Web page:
68th Street Site Work Group v. Airgas, Inc. et al

Filing 886

MEMORANDUM OPINION. Signed by Judge Stephanie A. Gallagher on 5/10/2022. (dass, Deputy Clerk)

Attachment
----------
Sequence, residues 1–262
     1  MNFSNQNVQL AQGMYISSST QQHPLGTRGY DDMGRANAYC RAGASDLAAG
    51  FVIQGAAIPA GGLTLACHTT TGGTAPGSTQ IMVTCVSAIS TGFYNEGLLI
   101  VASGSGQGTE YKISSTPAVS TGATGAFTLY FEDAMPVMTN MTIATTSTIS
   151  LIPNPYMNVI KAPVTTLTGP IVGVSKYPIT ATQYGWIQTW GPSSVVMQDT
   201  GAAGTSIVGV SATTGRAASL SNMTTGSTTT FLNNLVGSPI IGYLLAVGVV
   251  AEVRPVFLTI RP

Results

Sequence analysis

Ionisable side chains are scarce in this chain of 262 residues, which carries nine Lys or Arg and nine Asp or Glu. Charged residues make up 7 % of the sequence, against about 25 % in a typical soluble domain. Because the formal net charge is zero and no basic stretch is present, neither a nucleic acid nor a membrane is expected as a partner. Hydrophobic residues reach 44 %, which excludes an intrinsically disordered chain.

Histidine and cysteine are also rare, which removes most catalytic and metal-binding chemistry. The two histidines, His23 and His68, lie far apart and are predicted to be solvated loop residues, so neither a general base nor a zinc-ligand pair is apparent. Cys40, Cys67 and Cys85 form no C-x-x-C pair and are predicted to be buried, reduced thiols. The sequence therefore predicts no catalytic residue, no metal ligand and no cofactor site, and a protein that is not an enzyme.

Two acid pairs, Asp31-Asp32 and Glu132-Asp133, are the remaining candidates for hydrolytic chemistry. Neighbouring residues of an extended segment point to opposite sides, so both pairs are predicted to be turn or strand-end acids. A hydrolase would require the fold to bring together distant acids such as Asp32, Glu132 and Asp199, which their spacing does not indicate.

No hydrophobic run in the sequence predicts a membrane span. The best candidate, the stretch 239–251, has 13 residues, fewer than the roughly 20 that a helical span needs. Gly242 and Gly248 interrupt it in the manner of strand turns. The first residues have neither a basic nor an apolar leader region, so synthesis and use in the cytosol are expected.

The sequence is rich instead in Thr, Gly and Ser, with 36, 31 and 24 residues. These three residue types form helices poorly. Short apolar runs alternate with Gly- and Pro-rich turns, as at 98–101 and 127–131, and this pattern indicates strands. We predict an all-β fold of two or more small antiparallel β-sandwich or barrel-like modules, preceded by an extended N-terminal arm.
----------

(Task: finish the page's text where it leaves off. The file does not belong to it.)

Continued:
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Case 1:20-cv-03385-SAG Document 886 Filed 05/10/22 Page 1 of 7 IN THE UNITED STATES DISTRICT COURT FOR THE DISTRICT OF MARYLAND * * * * * * * * * * * 68th STREET SITE WORK GROUP, Plaintiff, v. 7-ELEVEN, INC., et al., Defendants. * * * * * * * Civil Case No.: SAG-20-3385 * * * * * * MEMORANDUM OPINION Plaintiff 68th Street Site Work Group (“Plaintiff”) has sued Defendants under the Comprehensive Environmental Response, Compensation and Liability Act of 1980, as amended, 42 U.S.C. § 9601 et seq. (“CERCLA”), for the recovery of costs incurred in response to the release or threatened release of hazardous substances from the 68th Street Dump Superfund Alternative Site (“68th Street Site,” or “Site”). Plaintiff also seeks a declaration of each Defendant’s liability for future response costs to be incurred by Plaintiff (and its assignors) at the Site. On September 16, 2021, this Court issued a Memorandum Opinion and Order granting 31 of the original Defendants’ motions to dismiss and/or motions for summary judgment. ECF 786. On November 2, 2021, Plaintiff filed a motion for leave to file an amended complaint. ECF 806. On January 26, 2022, this Court issued a Memorandum Opinion and Order denying Plaintiff’s motion. ECF 864. Plaintiff chose not to seek further amendment and, instead, filed a motion for a certificate of appealability. ECF 866. Because Plaintiff was, at once, trying to appeal from an interlocutory order dismissing several Defendants and to pursue the operative complaint against the four remaining Defendants, this Court denied Plaintiff’s motion. ECF 870. Now pending are three of Case 1:20-cv-03385-SAG Document 886 Filed 05/10/22 Page 2 of 7 the four remaining Defendants’ motions for judgment on the pleadings. ECF 874, 875. 1 Those Defendants have jointly moved for judgment based on the Plaintiff’s purported lack of standing and the Complaint’s failure to allege arranger liability. ECF 874. Defendant Solo Cup Operating Corporation (“Solo Cup”) (consistently, and according to Solo Cup, inaccurately referred to by Plaintiff as Solo Cup Company) has separately moved based on Plaintiff’s failure to allege successor liability as to Solo Cup. ECF 875. Plaintiff has opposed the motions, ECF 877, 878, and the moving Defendants have filed replies. ECF 879, 880. This Court has considered these filings, and their attached exhibits. No hearing is necessary. Loc. R. 105.6 (D. Md. 2021). For the following reasons, Defendants’ joint motion for judgment on the pleadings will be granted, and Solo Cup’s separate motion will be denied as moot. I. FACTUAL BACKGROUND Plaintiff is an unincorporated association whose member entities have each assigned their claims in this case to the Work Group. ECF 1 ¶ 28. Plaintiff alleges that Defendants in this case are liable as potentially responsible parties (“PRPs”) for their generation and transportation, and/or their arranging for transportation, of materials containing hazardous substances for disposal and/or treatment at the 68th Street Site. ECF 1 ¶ 1. The 68th Street Site is a mixed industrial, commercial, and residential area, encompassing 239 acres in the Rosedale neighborhood in Baltimore County, along the eastern border of Baltimore City. ECF 1 ¶ 4. The Site is an aggregate of seven landfills, which operated within the boundaries of what the United States Environmental Protection Agency (“EPA”) later designated 1 On April 15, 2022, Plaintiff filed a motion for default judgment against CitiFinancial Credit Company (“CitiFinancial”). ECF 881. CitiFinancial entered an appearance on May 5, 2022, ECF 882, and the parties have agreed to extend CitiFinancial’s deadline to respond to the motion for default judgment until May 13, 2022. 2 Case 1:20-cv-03385-SAG Document 886 Filed 05/10/22 Page 3 of 7 as five Management Areas (A, B, D, E, and F). ECF 1 ¶¶ 5-11. Waste disposal activities were conducted at the Site from the 1950s through the early 1970s, and included the disposal of municipal, industrial, and commercial wastes. ECF 1 ¶ 6. Among the entities operating permitted landfills at the Site was Robb Tyler, Inc. (“Robb Tyler”). Management Area E of the 68th Street Site was the “original Robb Tyler Landfill,” which was permitted in 1953 and closed by 1956. ECF 1 ¶ 10. Robb Tyler was issued a refuse disposal permit for Management Area F in 1956, and it operated the Island Landfill (a six-acre landfill within Management Area F) as a permitted landfill from 1960-1969. ECF 1 ¶ 11. After several years of emergency response actions and site inspections, EPA proposed the 68th Street Site to the National Priorities List (“NPL”) in 1999, and again in 2003. ECF 1 ¶¶ 1215; U.S. Env't Prot. Agency, Proposed National Priorities List (NPL) Sites – by State, https://www.epa.gov/superfund/proposed-national-priorities-list-npl-sites-state#MD. The Site has not been finalized to the NPL, instead being evaluated under the Superfund Alternative Site process. U.S. Env't Prot. Agency, Superfund Site: 68th Street Dump/Industrial Enterprises, https://cumulis.epa.gov/supercpad/SiteProfiles/index.cfm?fuseaction=second.Cleanup&id=0300 338. In April 2006, EPA entered into an Administrative Settlement Agreement and Order for Remedial Investigation and Feasibility Study with the members of the 68th Street Site Work Group. ECF 1 ¶ 16. Plaintiff alleges that it commenced the Investigation and Study shortly thereafter, in June 2006. ECF 1 ¶ 17. Plaintiff's member entities completed the Remedial Investigation in May 2012, and the Feasibility Study in March 2013, and EPA issued its final Record of Decision for remedial actions at the Site in September 2013. ECF 1 ¶¶ 20-21. In November 2017, this Court entered a Consent Decree for Remedial Design/Remedial Action (“Consent Decree”) between EPA and the State of Maryland, on the one hand, and a group 3 Case 1:20-cv-03385-SAG Document 886 Filed 05/10/22 Page 4 of 7 of defendants (the “Settling Defendants”) on the other hand. United States v. AAI Corp., Case No. 17-cv-2909-RDB, ECF 8 (D. Md. Nov. 29, 2017). The Settling Defendants included Settling Performing Defendants—who are the members of the 68th Street Site Work Group—and other Settling Non-Performing Defendants. ECF 1 ¶ 22. All of Plaintiff's individual members are signatories to the Consent Decree. ECF 1 ¶ 29. Plaintiff itself (the 68th Street Site Work Group entity) is not a signatory. Plaintiff filed its initial Complaint in November 2020, naming more than 150 Defendants (who were not Settling Defendants party to the Consent Decree) as potentially liable for more than $4.8 million in past costs incurred by Plaintiff for response activities required by the Consent Decree. The Complaint seeks contribution, in addition to a declaration of each Defendant's liability for future response costs Plaintiff may incur. ECF 1 ¶ 1. Plaintiff alleges that each Defendant it named, “by contract, agreement or otherwise arranged for disposal or treatment, or arranged with a transporter for transport for disposal or treatment, of waste containing hazardous substances at the 68th Street Site.” See, e.g., ECF 1 ¶ 30. Plaintiff alleges that each Defendant's respective waste stream contained, at minimum, the following fourteen hazardous substances: acetone, benzene, cadmium, dichloroethylene, lead, methyl ethyl ketone, methylene chloride, perchloroethylene, toluene, trichloroethane, trichloroethylene, vinyl chloride, xylene, and zinc. In instances where the only waste stream alleged is “general office waste”—such as with respect to Defendant Vornado Realty Trust (“Vornado”)—those fourteen substances make up the entirety of Plaintiff's allegations. See, e.g., ECF 1 ¶ 347. For certain other Defendants, however, Plaintiff alleges that additional hazardous substances were disposed, including arsenic, barium, chromium, copper, dichlorobenzene, ethyl benzene, manganese, mercury, and/or nickel. See, e.g., ECF 1 ¶¶ 217; 691. Relevant here, Plaintiff alleges that Solo Cup’s and ViacomCBS’s (“Viacom”) waste 4 Case 1:20-cv-03385-SAG Document 886 Filed 05/10/22 Page 5 of 7 contained copper, ECF 1 ¶¶ 1013, 1129, and that Solo Cup’s waste contained mercury, ECF 1 ¶ 1013. II. LEGAL STANDARD “A Rule 12(c) motion for judgment on the pleadings is decided under the same standard as a motion to dismiss under Rule 12(b)(6).” Bierman Fam. Farm, LLC v. United Farm Fam. Ins. Co., 265 F. Supp. 3d 633, 637 n.5 (D. Md. 2017). In assessing such a motion, then, the court must “construe the facts and reasonable inferences derived therefrom in the light most favorable to the plaintiff.” Ibarra v. United States, 120 F.3d 472, 474 (4th Cir. 1997). The factual allegations of the complaint, assumed to be true, “must be enough to raise a right to relief above the speculative level[.]” Bell Atl. Corp. v. Twombly, 550 U.S. 544, 555 (2007). The plaintiff’s obligation is to show the “‘grounds’ of his ‘entitle[ment] to relief,’” offering “more than labels and conclusions.” Id. (alteration in original) (quoting Fed. R. Civ. P. 8(a)(2)). It is not sufficient that the well-pleaded facts suggest “the mere possibility” of liability. Ashcroft v. Iqbal, 556 U.S. 662, 679 (2009). Rather, “a complaint must contain sufficient factual matter, accepted as true, ‘to state a claim to relief that is plausible on its face,’” meaning that the court could “draw the reasonable inference that the defendant is liable for the misconduct alleged.” Id. at 678 (quoting Twombly, 550 U.S. at 570). III. ANALYSIS There are two motions for judgment on the pleadings at issue. First, Defendants Solo Cup, Viacom, and Vornado move for judgment on the pleadings and argue that “(i) Plaintiff lacks standing to bring a complaint under the requirements of CERCLA and (ii) Plaintiff has failed to adequately plead arranger liability under CERCLA.” ECF 874 at 1. Second, Solo Cup has 5 Case 1:20-cv-03385-SAG Document 886 Filed 05/10/22 Page 6 of 7 separately moved for judgment on the pleadings based on its argument that the Complaint fails to plead successor liability against it. ECF 875. The two motions will be addressed in turn. This Court has already issued two opinions in this case addressing why, in this Court’s view, Plaintiff’s allegations fail to state a claim based on arranger liability. ECF 786 at 39-46; ECF 864 at 5-7. The allegations against the moving Defendants here are, in all relevant respects, identical to the allegations against those Defendants that filed motions to dismiss on the basis of arranger liability earlier in this litigation. ECF 786 at 39. As this Court previously found, the Complaint merely alleges a “threadbare recital[] of the elements” of § 1079(a)(3) arranger liability under CERCLA. Id. (quoting Iqbal, 556 U.S. at 678). This Court also found that the Complaint fails to allege facts sufficient to allege that any Defendant acted with the requisite level of intent such that it could be held liable under a theory of arranger liability. See id. at 39-46. Because there are no meaningful differences between Plaintiff’s allegations against the moving Defendants here and the allegations this Court construed in its September 16, 2021 opinion, ECF 786, this Court finds, for the same reasons, that the Complaint fails to state a claim of arranger liability against any of the three moving Defendants. Id. Defendants also argue that Plaintiff does not have standing to assert any CERCLA claims on behalf of its members. While this Court previously found that Plaintiff is not the real party in interest in this case, it did not address whether Plaintiff has organizational standing to assert claims on behalf of its member entities. Id. at 57 n.15. This Court again declined to address that issue in its opinion on Plaintiff’s motion for leave to file an amended complaint. ECF 864 at 7. Similarly, because this Court’s decision here is based on Plaintiff’s insufficient allegations of arranger liability, the separate questions of whether Plaintiff is the real party in interest and whether Plaintiff 6 Case 1:20-cv-03385-SAG Document 886 Filed 05/10/22 Page 7 of 7 has standing to assert CERCLA claims are irrelevant to this Court’s adjudication of the motions at issue. Finally, this Court need not address Solo Cup’s individual motion that the Complaint fails to allege that it is the successor to two entities that allegedly arranged for the disposal of waste at the Site. Because this Court holds that the Complaint fails to state a claim for arranger liability against any of the moving Defendants, including Solo Cup, its separate motion on the basis of successor liability will be denied as moot. IV. CONCLUSION For the foregoing reasons, Defendants’ joint motion for judgment on the pleadings, ECF 874, will be granted, and Solo Cup’s separate motion for judgment on the pleadings, ECF 875, will be denied. A separate order follows. Dated: May 10, 2022 /s/ Stephanie A. Gallagher United States District Judge 7